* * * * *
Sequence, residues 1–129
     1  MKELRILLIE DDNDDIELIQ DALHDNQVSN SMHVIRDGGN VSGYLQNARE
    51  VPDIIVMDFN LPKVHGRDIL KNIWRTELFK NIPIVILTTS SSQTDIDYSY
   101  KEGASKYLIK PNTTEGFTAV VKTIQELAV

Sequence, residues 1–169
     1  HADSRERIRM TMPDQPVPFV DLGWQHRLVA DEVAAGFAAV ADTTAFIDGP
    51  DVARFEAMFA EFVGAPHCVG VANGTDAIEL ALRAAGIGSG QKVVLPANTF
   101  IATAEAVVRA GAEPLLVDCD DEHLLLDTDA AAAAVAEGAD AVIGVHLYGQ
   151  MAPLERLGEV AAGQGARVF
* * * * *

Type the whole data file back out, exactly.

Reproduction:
Sequence, residues 1–129
     1  MKELRILLIE DDNDDIELIQ DALHDNQVSN SMHVIRDGGN VSGYLQNARE
    51  VPDIIVMDFN LPKVHGRDIL KNIWRTELFK NIPIVILTTS SSQTDIDYSY
   101  KEGASKYLIK PNTTEGFTAV VKTIQELAV

Sequence, residues 1–169
     1  HADSRERIRM TMPDQPVPFV DLGWQHRLVA DEVAAGFAAV ADTTAFIDGP
    51  DVARFEAMFA EFVGAPHCVG VANGTDAIEL ALRAAGIGSG QKVVLPANTF
   101  IATAEAVVRA GAEPLLVDCD DEHLLLDTDA AAAAVAEGAD AVIGVHLYGQ
   151  MAPLERLGEV AAGQGARVF